Can Trump’s State of the Union address bridge partisan gap?

Source:Global Times Published: 2019/2/6 18:30:40

US President Donald Trump delivered his second State of the Union address to a joint session of Congress at 9 pm EST on Tuesday. According to US political tradition, the State of the Union address is the summary of the US president's political achievements as well as declaration of domestic and foreign policies. Mostly, it's a time for the president to boast about his contributions. Trump continued the tradition and his sharp, overconfident personal style. 

It is an important moment to see how the White House operates and the state of the US. This year, the speech, which was originally scheduled for January 29, was postponed a week due to the partial US government shutdown. "Choosing greatness" and "unity" were selected as the themes of the address. Trump obviously expected to reach a compromise and cooperation between Republicans and Democrats through the speech, so as to realize his blueprint to make America great again.

In his speech, Trump claimed "the United States is now the number one producer of oil and natural gas anywhere in the world… our economy is the envy of the world. Our military is the most powerful on earth." But in today's US political arena, unity is becoming the scarcest political resource. The US-Mexico border wall is hard to promote, the government shutdown set a record and almost all mainstream media unanimously stood against the president. 

Americans should unite behind Trump's political achievements. Mediocre achievements are not enough. There must be certain outstanding performance that can win everyone's praise. In the speech, Trump focused on the economy. The country created 600,000 new manufacturing jobs over the past two years. "The US economy is growing almost twice as fast today as when I took office…unemployment has reached its lowest level in over half a century," noted Trump.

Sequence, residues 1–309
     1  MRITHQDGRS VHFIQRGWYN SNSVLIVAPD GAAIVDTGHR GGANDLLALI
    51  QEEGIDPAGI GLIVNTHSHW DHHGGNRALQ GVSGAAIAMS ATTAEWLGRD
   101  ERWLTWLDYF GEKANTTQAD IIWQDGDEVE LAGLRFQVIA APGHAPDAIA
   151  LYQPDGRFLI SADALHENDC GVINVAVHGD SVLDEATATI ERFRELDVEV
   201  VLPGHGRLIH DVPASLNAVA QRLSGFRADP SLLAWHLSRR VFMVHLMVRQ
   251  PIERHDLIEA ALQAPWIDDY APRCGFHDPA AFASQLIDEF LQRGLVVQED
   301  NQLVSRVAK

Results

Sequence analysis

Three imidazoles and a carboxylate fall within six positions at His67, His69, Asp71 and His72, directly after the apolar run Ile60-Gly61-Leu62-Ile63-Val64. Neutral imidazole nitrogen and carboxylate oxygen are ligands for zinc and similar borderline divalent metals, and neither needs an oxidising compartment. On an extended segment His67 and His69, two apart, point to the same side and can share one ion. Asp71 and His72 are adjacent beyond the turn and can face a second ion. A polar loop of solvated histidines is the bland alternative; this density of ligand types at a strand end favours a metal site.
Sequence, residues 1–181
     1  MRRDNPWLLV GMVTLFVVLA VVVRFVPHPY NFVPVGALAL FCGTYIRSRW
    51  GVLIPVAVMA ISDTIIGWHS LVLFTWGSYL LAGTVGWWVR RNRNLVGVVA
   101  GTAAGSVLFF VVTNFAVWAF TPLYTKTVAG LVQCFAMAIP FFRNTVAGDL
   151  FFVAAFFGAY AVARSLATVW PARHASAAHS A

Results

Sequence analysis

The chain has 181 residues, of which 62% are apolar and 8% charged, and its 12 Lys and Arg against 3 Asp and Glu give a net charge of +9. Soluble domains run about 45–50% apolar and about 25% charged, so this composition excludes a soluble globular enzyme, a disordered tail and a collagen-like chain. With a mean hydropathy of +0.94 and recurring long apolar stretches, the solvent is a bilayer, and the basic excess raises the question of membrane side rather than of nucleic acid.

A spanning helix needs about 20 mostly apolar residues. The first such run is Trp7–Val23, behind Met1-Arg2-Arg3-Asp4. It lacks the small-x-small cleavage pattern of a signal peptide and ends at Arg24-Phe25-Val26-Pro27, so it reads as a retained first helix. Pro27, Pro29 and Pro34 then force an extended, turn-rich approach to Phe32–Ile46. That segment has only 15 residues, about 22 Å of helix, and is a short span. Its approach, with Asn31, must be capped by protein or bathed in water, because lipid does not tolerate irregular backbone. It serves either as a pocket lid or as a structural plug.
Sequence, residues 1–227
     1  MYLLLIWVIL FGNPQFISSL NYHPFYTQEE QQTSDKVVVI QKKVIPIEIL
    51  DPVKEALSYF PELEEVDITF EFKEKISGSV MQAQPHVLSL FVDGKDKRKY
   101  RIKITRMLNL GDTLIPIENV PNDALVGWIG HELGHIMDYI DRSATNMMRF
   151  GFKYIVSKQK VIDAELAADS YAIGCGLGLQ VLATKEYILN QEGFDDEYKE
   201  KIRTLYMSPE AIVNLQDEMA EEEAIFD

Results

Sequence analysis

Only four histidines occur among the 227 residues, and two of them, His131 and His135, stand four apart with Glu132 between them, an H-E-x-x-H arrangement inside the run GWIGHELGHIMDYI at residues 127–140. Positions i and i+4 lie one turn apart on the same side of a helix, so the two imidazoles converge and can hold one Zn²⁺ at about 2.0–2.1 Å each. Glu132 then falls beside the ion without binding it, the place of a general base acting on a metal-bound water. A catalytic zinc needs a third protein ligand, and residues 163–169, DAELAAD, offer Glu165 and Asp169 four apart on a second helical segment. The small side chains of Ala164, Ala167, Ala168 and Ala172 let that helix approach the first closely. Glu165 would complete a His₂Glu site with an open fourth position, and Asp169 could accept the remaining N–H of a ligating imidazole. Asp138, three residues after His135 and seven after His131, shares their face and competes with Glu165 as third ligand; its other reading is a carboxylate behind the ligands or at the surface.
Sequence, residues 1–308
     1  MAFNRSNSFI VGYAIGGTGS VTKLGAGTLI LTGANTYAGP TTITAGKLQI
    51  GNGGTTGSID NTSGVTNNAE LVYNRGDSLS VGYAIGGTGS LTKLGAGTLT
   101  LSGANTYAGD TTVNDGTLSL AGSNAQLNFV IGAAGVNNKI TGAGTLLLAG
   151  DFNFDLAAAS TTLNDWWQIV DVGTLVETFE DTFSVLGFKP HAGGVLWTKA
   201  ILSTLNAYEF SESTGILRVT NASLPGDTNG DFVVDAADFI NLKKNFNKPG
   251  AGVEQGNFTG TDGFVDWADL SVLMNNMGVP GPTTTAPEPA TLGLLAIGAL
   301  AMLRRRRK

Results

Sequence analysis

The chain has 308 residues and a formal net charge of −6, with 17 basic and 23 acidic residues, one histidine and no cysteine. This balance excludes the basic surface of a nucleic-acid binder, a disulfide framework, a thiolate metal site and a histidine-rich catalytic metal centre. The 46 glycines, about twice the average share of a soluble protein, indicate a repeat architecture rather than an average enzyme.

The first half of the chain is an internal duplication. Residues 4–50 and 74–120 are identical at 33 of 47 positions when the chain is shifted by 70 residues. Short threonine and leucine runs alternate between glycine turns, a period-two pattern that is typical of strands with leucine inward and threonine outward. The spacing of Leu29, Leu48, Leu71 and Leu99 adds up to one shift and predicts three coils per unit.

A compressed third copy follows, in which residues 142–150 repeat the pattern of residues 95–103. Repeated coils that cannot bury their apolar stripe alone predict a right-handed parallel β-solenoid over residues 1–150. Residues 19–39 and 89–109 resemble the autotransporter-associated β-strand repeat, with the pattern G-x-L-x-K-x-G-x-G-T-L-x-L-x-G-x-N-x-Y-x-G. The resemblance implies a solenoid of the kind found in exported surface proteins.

Although Trump said "victory is not winning for our party, victory is winning for our country," Democrats are seeing different data. Some media elites claimed that the short-term success was achieved through borrowing money, reminding Trump that the US now faces a $1 trillion deficit, which will have to be paid back by future generations. 

According to a poll released by the Pew Research Center before the State of the Union address, although Americans consider the economy as the issue which concerns them the most, only 40 percent believe that the economic situation has improved since Trump took office. 

The reality Trump is facing is that the prospect for "unity" does not look promising. The US is still deeply divided, and it's becoming more difficult to bridge the differences the two parties faced over the past two years. Compromise, the most important element of the bipartisan system, is rarely seen. With the approaching next general election, Washington will see fiercer political wrestling. The Pew poll also said that 71 percent believe that the differences between the two parties will grow this year. 

Trump mentioned China in his speech. Although he mainly talked about trade policy, he linked it to politics. He mentioned the tariffs the US currently imposed on Chinese goods and called on China to make a "structural change" to reduce the US trade deficit and protect American jobs. In general, Trump supports the consensus on trade Beijing and Washington have reached so far. 

Over the past year, China and the US have significantly changed their perceptions of the other side. Although the Republican and Democratic parties' positions on China are different, the differences are much smaller than on other political issues. Washington is doing everything to contain China. In the foreseeable future, China-US relations will move forward amid conflicts and frictions. Although the intensity may vary, the two countries will compete against each other in many fields. Washington will focus more on China's political system. There will still be cooperation, but the two sides will only seek ways to cooperate based on the new cognition. 

Trump also boasted about his diplomatic achievements—from withdrawing from the Intermediate-Range Nuclear Forces Treaty to the forthcoming second meeting between him and North Korean leader Kim Jong-un in Vietnam. However, how can the US, which is more inclined to act arbitrarily, create a united world? 

Posted in: EDITORIAL

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